Liberty at Stake PremiereThe Liberty at Stake mini-documentary will premiere at the RNC Film Festival on Monday, July 15, in the beautiful, historic Miller High Life Theatre. Showings begin at 2 p.m. and will occur every half hour through 5:30 p.m.A half-hour panel will take place after the 3:30 showing. The discussion will touch on race, civil society and the Republican Party. Panelists include:
Sen. Ron Johnson
Ted Kellner, Host Committee CEO
Paul Kortman, Denali Ingredients
Markeitha Smith, CEO of the Joseph Project
Sen. Tim Scott (if his travel schedule gets him to Milwaukee on time), and
Michael Jahr, writer and director of Liberty at Stake
We do have a limited number of tickets for those who do not have RNC credentials. Please notify us as soon as possible if you would like to attend one of the showings.


When authorities arrested fugitive slave Joshua Glover in 1854, some 5,000 of his Wisconsin neighbors rallied to his aid, breaking down the jail door and escorting him to freedom. Their efforts set in motion a series of events with historic consequences, ultimately leading to slavery’s demise.


Joshua Glover was a black man living in Racine, Wisconsin, in 1854. He worked at a sawmill and had his own home. Life was simple but good – until a white man appeared at a Milwaukee courthouse claiming that Glover was a criminal.A posse was formed and made its way to Racine, 30 miles to the south. On a dark evening in March, they entered Glover’s home, beat him and placed him in manacles before tossing him into a wagon. Glover, bleeding and freezing, was carted off to a Milwaukee jail.Racine residents heard about the arrest and sent a telegram to a Milwaukee newspaper editor named Sherman Booth. He, in turn, spread the word throughout the Milwaukee area. Soon an angry mob of thousands surrounded the courthouse and demanded authorities release Glover to them.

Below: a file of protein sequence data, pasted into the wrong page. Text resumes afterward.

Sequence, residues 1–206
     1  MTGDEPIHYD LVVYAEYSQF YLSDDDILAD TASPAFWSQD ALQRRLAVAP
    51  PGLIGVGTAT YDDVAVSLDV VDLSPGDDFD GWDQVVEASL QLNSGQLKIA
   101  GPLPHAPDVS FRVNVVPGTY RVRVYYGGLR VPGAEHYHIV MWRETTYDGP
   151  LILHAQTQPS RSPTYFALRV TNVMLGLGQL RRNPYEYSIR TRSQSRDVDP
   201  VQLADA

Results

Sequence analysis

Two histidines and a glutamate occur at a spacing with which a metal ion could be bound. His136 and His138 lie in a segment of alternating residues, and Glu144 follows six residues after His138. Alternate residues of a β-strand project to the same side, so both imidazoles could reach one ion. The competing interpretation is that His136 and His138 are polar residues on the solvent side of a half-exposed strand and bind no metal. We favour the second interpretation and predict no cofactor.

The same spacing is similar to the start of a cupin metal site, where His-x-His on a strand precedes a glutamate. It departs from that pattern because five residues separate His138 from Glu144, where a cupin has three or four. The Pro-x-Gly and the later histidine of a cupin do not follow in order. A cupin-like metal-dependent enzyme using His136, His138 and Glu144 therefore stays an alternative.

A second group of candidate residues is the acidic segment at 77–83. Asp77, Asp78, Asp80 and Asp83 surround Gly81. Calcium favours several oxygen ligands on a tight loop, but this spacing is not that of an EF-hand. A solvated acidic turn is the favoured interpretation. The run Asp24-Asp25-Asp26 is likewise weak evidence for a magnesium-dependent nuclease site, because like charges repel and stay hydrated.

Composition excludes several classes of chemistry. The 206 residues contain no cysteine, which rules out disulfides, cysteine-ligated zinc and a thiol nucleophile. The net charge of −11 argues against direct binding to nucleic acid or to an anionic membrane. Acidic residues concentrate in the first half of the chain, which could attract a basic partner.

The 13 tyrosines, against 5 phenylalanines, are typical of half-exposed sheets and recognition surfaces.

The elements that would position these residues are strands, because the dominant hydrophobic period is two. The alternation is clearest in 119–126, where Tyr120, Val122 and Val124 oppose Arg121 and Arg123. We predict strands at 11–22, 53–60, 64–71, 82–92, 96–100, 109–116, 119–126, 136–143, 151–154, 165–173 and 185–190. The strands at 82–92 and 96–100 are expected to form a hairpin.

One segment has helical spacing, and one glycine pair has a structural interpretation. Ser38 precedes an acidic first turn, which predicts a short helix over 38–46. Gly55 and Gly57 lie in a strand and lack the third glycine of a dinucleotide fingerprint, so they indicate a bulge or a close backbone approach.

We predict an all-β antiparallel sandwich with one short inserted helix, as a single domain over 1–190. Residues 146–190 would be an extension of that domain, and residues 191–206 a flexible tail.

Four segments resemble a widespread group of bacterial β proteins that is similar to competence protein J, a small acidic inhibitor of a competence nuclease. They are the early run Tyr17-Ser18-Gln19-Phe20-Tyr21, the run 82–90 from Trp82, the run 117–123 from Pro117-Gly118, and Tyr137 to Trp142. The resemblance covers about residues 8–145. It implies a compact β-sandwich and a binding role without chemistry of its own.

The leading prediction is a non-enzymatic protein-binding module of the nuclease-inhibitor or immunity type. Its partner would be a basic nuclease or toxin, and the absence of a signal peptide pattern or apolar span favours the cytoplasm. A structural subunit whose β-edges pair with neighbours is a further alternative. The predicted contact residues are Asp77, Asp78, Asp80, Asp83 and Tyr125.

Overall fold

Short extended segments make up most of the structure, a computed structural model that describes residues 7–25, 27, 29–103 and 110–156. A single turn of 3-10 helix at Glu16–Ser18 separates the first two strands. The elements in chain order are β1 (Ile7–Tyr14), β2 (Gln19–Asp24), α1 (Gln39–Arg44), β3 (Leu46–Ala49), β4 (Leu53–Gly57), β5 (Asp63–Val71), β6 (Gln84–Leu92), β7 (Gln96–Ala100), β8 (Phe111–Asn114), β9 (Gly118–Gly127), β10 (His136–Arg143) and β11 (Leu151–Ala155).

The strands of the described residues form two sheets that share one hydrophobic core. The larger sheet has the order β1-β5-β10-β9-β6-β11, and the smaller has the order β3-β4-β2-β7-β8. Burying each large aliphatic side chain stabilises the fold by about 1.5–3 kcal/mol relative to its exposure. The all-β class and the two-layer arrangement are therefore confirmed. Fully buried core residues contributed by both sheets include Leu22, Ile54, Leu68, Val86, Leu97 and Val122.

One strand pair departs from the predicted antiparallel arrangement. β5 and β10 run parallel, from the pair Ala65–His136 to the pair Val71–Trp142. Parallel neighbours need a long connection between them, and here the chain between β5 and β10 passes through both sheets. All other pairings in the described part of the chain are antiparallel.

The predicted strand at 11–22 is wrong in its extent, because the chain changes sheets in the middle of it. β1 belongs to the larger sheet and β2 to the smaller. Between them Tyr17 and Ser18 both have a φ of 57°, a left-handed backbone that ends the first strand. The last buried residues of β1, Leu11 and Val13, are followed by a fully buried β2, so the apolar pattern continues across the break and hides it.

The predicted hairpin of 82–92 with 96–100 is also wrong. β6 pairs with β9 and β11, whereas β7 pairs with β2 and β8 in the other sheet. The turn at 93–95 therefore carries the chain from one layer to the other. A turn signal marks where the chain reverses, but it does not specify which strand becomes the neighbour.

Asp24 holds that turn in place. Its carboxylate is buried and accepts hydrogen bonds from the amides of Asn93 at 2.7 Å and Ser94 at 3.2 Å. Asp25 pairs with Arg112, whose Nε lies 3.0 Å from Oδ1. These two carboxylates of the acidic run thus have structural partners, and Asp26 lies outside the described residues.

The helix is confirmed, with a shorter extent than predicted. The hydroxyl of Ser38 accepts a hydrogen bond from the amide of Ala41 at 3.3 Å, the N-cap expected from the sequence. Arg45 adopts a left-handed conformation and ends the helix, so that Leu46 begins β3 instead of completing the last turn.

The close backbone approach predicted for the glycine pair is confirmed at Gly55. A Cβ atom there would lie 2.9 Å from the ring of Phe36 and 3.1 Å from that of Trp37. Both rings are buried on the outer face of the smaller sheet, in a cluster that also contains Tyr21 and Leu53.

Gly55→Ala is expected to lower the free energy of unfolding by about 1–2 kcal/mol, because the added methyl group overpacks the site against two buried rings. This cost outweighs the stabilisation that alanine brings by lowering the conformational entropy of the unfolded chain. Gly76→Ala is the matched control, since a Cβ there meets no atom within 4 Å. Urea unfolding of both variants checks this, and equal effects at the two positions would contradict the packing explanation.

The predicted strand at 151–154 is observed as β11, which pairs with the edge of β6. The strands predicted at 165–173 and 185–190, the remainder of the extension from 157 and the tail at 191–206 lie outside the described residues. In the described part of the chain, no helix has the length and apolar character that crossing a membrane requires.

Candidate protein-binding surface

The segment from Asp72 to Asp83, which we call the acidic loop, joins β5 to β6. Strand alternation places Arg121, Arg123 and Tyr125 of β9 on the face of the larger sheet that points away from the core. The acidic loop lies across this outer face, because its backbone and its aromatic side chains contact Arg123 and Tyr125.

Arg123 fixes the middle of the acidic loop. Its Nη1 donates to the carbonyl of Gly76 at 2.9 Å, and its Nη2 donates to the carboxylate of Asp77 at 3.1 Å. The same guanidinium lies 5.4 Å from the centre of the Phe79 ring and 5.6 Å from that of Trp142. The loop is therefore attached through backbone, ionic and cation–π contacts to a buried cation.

Eventually they took matters into their own hands, battered down the jailhouse door, overwhelmed the guards and dragged the captive into the street.Most viewers probably won’t expect what happens next. The crowd whisks Glover away in a waiting carriage and hides him from federal authorities. Over the next few weeks, they conceal him in homes and barns along the Underground Railroad and eventually smuggle Glover to Canada to prevent his Missouri slaveowner from reclaiming his “property.”The motives of these liberty-conscious Wisconsinites were merciful, not malevolent.

Just days after the rescue, a group of antislavery Wisconsinites to meet in Ripon, Wisconsin, to form a new political entity: the Republican Party. Motivated by opposition to the Fugitive Slave Act of 1850 and the Kansas-Nebraska Act of 1854, disparate factions of Northern Democrats, Whigs and Free-Soil members would unite under the banner of liberty and opportunity. Though divided on a range of issues, their unifying objective was to limit slavery’s expansion and fulfill America’s declaration that all men are endowed with an unalienable right to liberty.The formation of this new party, its successes at the state and national level, and the six-year court battles that embroiled some of Glover’s rescuers would further exacerbate relations between North and South.Liberty at Stake will follow the life of Glover from his purchase by Garland in St. Louis in 1850, his daring escape two years later and his new life in Racine. Historians and authors will describe the chaotic, inspiring events of March 10-11, 1854, Glover’s travels in the Underground Railroad and his new life in a community outside Toronto, Canada, where he spent the rest of his days.The film will recount these and related events that culminated in the election of Lincoln, Southern secession, Civil War and, ultimately, emancipation.

Director’s Statement